Australian regulators weekly wrap Monday 1 March 2021

Keeping on top of the latest financial services regulatory & compliance trends?

Investing time in your professional development within a rapidly changing financial services industry is challenging. To meet that challenge, the Australian regulators weekly wrap is designed to keep you at forefront of your practice by quickly setting out the top 5 developments from the past week, analysis and practical considerations for the future.

  1. Immunity policy (ASIC): power and information. ASIC has received plenty of the former in the past 2 years, and now it is focusing on the latter. It hasreleased a policywhich sets out information on applications for immunity from civil penalty or criminal proceedings for a contravention of a provision in Part 7.10 of theCorporations Act 2001(Cth). The main offences within this Part are market manipulation and insider trading. In essence, the policy is for individuals who: a) think they may have contravened, with at least one other person, a provision in Part 7.10 of theCorporations Act 2001(Cth); b) wish to apply for immunity from civil penalty or criminal proceedings; and c) intend to cooperate with ASIC in relation to its investigation and any court proceedings regarding the contravention. The policy comes with an FAQs sectionhere, complete with the exhortation that it will only be first in, best dressed that gets the immunity. You can read more on the policy in my colleagues excellent summaryhere. While I understand the intent of the policy, and suspect that ASIC has been spending more time with our American cousins, the area does have the potential to raise a host of legal and ethical issues.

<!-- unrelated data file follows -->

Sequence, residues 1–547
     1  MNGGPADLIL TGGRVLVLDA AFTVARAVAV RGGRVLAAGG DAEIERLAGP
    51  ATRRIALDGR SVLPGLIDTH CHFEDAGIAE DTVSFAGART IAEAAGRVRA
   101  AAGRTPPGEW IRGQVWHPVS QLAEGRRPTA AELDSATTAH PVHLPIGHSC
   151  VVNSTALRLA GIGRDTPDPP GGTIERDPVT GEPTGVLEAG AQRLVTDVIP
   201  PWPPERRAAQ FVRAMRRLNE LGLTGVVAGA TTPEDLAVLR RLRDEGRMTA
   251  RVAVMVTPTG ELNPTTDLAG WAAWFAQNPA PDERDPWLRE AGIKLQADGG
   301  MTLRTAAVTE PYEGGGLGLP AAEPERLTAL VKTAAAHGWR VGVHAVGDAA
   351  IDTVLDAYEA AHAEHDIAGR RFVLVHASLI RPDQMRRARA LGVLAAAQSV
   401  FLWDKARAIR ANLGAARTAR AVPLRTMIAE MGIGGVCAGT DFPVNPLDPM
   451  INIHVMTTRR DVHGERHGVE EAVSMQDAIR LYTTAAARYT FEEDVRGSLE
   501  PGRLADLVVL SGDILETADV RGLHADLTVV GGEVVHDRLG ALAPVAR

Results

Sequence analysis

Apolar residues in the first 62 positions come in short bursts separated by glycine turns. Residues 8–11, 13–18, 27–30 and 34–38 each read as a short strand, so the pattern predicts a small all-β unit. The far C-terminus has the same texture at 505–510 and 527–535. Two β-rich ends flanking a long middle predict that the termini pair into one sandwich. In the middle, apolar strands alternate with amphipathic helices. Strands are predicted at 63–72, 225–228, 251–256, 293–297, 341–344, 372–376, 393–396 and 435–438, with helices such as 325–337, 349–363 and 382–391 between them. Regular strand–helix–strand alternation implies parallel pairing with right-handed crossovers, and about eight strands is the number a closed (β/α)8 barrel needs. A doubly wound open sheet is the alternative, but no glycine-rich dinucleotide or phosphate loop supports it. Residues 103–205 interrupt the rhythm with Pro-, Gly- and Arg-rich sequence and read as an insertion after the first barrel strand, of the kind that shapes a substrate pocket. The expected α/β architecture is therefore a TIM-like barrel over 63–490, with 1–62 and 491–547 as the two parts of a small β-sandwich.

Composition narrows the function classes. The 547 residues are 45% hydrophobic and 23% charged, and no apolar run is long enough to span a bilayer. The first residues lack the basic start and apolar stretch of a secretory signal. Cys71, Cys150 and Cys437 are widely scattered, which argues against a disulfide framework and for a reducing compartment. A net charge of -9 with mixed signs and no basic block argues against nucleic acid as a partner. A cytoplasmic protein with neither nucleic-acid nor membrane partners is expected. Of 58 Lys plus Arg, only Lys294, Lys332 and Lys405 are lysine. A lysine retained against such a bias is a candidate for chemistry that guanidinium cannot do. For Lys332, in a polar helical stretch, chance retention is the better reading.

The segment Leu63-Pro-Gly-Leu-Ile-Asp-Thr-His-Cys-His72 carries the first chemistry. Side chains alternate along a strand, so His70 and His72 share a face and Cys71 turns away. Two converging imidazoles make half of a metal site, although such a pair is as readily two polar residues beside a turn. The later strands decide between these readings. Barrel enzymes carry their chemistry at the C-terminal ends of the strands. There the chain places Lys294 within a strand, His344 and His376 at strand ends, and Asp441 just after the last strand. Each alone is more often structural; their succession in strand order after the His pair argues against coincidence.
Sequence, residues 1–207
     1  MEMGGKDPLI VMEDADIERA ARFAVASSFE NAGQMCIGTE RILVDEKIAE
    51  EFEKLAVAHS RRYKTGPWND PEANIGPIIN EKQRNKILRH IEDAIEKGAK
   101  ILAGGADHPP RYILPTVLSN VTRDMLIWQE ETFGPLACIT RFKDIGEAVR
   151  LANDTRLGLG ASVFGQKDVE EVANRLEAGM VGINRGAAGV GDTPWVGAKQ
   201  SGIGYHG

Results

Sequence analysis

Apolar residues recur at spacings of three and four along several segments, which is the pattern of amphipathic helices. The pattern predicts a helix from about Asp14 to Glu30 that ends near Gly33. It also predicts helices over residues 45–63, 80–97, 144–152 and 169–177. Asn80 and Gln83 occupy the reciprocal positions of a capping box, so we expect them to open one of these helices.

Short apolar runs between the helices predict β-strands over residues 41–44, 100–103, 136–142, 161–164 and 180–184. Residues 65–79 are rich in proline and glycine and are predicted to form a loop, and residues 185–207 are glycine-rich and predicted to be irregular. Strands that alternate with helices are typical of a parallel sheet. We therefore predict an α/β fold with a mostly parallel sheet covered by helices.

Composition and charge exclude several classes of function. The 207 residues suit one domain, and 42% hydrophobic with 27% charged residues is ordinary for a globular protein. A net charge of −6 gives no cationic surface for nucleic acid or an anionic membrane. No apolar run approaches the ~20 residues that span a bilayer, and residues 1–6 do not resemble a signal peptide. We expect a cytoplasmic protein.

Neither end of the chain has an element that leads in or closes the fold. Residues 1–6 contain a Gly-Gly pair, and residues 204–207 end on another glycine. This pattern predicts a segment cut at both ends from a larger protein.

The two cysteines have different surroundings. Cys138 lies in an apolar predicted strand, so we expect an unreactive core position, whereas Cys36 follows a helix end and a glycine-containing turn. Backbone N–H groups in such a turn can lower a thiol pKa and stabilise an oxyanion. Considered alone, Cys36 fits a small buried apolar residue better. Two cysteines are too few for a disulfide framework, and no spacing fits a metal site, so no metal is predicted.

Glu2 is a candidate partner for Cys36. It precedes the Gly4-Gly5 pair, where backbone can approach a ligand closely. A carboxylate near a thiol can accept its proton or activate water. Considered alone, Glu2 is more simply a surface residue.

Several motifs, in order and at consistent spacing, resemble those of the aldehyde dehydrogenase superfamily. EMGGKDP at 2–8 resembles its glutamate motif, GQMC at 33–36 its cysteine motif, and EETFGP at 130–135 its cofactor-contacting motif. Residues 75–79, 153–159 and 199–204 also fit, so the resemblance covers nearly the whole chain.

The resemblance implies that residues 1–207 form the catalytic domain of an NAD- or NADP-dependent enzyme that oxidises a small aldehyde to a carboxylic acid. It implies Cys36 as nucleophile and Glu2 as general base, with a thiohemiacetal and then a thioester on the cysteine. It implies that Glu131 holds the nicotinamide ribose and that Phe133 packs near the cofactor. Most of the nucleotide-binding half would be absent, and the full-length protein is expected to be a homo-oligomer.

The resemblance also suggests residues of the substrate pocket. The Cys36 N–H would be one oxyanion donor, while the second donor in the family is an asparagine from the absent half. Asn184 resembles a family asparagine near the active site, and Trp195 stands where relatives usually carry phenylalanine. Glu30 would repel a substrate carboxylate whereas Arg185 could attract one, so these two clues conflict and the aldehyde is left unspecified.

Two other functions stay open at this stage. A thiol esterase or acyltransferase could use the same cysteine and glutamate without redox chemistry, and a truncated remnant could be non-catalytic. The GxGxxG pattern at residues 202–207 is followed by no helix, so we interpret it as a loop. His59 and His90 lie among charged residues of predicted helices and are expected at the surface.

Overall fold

2. Crown Casino (Victoria):the Victorians have announced a Royal Commission into Crown Melbourne Ltds suitability to hold its Victorian casino licence, as well as the suitability of its associates, including Crown Resorts Ltd. It comes on the heels of the findings of the New South Wales Independent Liquor and Gaming Authority (ILGA) inquiry, which held that casino was not a suitable licensee holder and its NSW state gaming clearance should be revoked. Commissioner Patricia Bergin said in her findings there wassignificant deficiencyin Crowns corporate character and a lack of understanding and compliance of the countrys anti-money laundering and counter-terrorism financing laws. She stated thatany applicant for a casino licence with the attributes of Crowns stark realities of facilitating money laundering, exposing staff to the risk of detention in a foreign jurisdiction and pursuing commercial relationships with individuals with connections to triads and organised crime groups would not be confident of a positive outcome. Raymond Finkelstein QC will serve as Commissioner and Chairperson of the Royal Commission and will hand down his recommendations by 1 August 2021; to me, it will be quite interesting if he focuses on the corporate culture aspects of Crown (the global regulatory focus du jour) quite as much as Commissioner Bergin did.